Journal of esthetic and restorative dentistry : official publication of the American Academy of Esthetic Dentistry ... [et al.] [J Esthet Restor Dent] 2020 Apr; Vol. 32 (3), pp. 265-271. Date of Electronic Publication: 2020 Feb 16.
Haller, Norm, author. and National Research Council (U.S.). Air Force Studies Board, issuing body.
Prototypes, Engineering -- Congresses., Rapid prototyping -- Congresses., and Military research -- United States -- Planning -- Congresses.
"Assessment to Enhance Air Force and Department of Defense Prototyping for the New Defense Strategy is the summary of a workshop convened by the Air Force Studies Board of the National Academies' National Research Council in September 2013 to enhance Air Force and Department of Defense (DoD) prototyping for the new defense strategy. This workshop examined of a wide range of prototyping issues, including individual recommendations for a renewed prototype program, application of prototyping as a tool for technology/system development and sustainment (including annual funding), and positive and negative effects of a renewed program. Prototyping has historically been of great benefit to the Air Force and DoD in terms of risk reduction and concept demonstration prior to system development, advancing new technologies, workforce enhancement and skills continuity between major acquisitions, dissuasion of adversaries by demonstrating capabilities, maintaining technological surprise through classified technologies, and an overarching strategy of overall risk reduction during austere budget environments. Over the last two decades, however, many issues with prototyping have arisen. For example, the definitions and terminology associated with prototyping have been convoluted and budgets for prototyping have been used as offsets to remedy budget shortfalls. Additionally, prototyping has been done with no strategic intent or context, and both government and industry have misused prototyping as a key tool in the DoD and defense industrial base. Assessment to Enhance Air Force and Department of Defense Prototyping for the New Defense Strategy envisions a prototyping program that encourages innovation in new concepts and approaches and provides a means to assess and reduce risk before commitment to major new programs."--Publisher's description.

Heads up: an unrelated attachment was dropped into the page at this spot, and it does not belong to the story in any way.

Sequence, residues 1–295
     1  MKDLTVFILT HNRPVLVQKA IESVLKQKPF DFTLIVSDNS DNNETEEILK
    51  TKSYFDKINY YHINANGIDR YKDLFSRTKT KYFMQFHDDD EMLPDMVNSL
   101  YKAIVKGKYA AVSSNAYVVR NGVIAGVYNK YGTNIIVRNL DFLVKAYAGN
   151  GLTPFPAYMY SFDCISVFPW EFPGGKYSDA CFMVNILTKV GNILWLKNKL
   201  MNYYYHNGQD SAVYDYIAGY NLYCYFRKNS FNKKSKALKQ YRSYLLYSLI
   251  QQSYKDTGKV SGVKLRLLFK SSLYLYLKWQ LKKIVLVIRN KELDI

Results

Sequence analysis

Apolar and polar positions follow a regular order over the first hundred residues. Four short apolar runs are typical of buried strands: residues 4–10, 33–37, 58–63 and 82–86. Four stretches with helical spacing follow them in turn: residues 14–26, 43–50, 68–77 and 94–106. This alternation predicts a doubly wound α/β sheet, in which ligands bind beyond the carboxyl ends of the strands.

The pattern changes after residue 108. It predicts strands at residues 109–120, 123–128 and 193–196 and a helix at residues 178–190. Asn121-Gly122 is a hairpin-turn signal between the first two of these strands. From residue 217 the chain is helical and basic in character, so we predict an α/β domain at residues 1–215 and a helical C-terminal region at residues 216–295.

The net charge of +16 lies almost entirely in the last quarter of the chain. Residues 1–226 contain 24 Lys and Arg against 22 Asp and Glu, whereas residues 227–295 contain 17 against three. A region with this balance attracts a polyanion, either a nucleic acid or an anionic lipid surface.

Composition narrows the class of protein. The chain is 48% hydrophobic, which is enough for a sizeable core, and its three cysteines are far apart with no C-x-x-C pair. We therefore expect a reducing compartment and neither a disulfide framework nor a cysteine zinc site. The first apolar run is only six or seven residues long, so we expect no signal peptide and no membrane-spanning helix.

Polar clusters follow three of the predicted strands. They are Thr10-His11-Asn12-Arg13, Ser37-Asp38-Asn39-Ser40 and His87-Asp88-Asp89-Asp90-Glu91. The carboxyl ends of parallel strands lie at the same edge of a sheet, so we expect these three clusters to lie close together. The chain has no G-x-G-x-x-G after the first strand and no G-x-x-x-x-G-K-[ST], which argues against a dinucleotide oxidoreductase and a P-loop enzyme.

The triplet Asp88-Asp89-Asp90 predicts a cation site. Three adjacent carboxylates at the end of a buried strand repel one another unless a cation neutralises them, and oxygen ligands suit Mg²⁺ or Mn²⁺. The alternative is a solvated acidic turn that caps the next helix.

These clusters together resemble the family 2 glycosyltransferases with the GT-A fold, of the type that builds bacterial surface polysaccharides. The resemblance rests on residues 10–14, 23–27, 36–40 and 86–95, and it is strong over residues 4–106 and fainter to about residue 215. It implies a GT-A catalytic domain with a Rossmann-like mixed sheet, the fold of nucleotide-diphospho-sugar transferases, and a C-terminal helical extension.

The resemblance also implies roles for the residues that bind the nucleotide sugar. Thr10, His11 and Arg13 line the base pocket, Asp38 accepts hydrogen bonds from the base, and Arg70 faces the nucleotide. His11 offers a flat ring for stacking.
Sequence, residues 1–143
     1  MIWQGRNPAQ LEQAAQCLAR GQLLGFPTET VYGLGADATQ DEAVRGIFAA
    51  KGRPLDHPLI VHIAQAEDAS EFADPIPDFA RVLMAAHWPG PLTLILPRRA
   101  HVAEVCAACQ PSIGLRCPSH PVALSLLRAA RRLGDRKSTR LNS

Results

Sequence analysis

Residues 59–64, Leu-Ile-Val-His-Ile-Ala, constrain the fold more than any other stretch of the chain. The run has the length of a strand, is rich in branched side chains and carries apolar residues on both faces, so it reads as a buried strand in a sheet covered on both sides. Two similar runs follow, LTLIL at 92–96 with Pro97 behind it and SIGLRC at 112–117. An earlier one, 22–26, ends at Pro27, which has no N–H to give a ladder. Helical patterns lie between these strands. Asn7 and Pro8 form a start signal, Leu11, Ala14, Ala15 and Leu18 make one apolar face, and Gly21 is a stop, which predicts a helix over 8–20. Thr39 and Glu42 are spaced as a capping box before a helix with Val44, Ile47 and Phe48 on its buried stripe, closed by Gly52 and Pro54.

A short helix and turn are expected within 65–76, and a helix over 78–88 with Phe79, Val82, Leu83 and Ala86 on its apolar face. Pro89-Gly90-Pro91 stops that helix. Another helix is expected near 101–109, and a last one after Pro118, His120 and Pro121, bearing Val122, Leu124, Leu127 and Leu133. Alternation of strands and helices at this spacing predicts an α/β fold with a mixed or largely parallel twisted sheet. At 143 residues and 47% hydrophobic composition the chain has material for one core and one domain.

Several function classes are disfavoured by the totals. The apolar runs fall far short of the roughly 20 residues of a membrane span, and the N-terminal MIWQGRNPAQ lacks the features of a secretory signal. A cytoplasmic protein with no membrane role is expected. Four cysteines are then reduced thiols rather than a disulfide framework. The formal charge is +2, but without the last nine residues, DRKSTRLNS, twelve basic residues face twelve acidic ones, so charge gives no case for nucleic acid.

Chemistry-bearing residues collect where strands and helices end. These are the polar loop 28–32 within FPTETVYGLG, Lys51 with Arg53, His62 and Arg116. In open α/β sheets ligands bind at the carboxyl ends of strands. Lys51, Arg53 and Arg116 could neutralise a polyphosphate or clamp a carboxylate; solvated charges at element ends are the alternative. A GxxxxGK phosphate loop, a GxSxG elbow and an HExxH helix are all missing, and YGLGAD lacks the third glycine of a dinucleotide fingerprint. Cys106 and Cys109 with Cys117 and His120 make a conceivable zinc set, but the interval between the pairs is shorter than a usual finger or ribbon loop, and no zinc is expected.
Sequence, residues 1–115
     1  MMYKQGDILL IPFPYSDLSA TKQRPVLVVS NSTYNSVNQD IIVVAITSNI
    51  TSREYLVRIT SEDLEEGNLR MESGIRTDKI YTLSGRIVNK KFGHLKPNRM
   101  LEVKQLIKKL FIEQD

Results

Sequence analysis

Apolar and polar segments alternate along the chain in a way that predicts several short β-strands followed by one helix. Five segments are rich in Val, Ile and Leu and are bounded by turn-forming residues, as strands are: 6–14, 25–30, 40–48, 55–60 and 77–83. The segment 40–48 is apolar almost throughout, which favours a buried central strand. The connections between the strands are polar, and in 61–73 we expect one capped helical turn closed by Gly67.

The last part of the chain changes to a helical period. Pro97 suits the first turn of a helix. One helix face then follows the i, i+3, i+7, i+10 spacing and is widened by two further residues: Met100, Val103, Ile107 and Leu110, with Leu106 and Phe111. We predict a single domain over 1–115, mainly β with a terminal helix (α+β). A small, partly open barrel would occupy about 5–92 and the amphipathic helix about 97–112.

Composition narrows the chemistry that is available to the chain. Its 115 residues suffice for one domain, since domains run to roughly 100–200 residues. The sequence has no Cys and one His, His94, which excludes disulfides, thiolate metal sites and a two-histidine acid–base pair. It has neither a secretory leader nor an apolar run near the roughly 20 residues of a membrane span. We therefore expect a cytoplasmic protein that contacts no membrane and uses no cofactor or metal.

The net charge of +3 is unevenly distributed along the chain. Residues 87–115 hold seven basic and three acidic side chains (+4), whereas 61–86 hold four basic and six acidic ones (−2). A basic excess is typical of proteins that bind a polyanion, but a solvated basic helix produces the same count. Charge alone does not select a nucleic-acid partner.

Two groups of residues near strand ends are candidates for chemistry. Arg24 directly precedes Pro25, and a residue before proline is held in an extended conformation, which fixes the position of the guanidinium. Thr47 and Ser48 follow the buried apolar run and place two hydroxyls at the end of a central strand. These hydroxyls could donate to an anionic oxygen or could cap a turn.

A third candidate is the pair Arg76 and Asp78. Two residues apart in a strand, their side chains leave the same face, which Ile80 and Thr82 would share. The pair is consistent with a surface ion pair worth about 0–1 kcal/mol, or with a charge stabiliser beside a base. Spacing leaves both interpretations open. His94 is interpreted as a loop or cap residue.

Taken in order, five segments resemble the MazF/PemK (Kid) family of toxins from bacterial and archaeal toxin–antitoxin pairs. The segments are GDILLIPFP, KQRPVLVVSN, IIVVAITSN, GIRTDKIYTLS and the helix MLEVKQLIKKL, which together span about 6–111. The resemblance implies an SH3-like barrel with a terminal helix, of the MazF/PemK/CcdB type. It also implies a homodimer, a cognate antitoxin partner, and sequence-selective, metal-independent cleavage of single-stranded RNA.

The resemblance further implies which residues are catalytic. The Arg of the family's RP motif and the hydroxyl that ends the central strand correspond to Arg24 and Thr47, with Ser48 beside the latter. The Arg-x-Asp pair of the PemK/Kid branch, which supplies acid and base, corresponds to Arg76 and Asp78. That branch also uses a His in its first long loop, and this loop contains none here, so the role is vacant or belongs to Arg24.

TRASTUZUMAB, DOCETAXEL, RAPID prototyping, IMMUNOGLOBULINS, NANOPARTICLES, and FLOW cytometry
Developing targeted nanoparticles is a rising strategy to improve drug delivery in oncology. Antibodies are the most commonly used targeting agents. However, determination of their optimal number at the surface remains a challenging issue, mainly due to the difficulties in measuring precisely surface coating levels when prototyping nanoparticles. We developed an original quantitative assay to measure the exact number of coated antibodies per nanoparticle. Using flow cytometry optimized for submicron particle analysis and beads covered with known amounts of human IgG-kappa mimicking various amounts of antibodies, this new method was tested as part of the prototyping of docetaxel liposomes coated with trastuzumab against Her2+ breast cancer. This quantification method allowed to discriminate various batches of immunoliposomes depending on their trastuzumab density on nanoparticle surface (i.e., 330 (Immunoliposome-1), 480 (Immunoliposome-2) and 690 (Immunoliposome-3), p = 0.004, One-way ANOVA). Here we showed that optimal number of grafted antibodies on nanoparticles should be finely tuned and highest density of targeting agent is not necessarily associated with highest efficacy. Overall, this new method should help to better prototype third generation nanoparticles. [ABSTRACT FROM AUTHOR]
VIRTUAL prototypes, VIRTUAL design, HUMAN-machine systems, MACHINERY, TASK performance, RAPID prototyping, and MOBILE robots
Limited visibility from a mobile machine cab can decrease task performance and lead to accidents. Therefore, it is important to consider visibility issues already in the design phase. This paper describes the use of virtual prototyping in the evaluation of see-through features of mobile work machines. The goal is to evaluate whether two different machine boom transparency levels have an effect on task performance. In addition, two alternative placements of overlaid information in the operators' field of view are assessed. A within-subject design was used in this study. Based on the results, there was no significant difference in performance between the transparency levels. However, the test participants preferred a transparency level of 70–80% (where 0% is completely opaque). Similar results were found with the placement of the overlaid information, which had no significant effect on task performance. Both placements, on the windscreen and on the tunnel wall, were equally favoured by the participants. The findings of this study contribute to the design of see-through features for mobile work machines. In addition, the study demonstrates the use of virtual prototyping in the design of novel features in human–machine systems. [ABSTRACT FROM AUTHOR]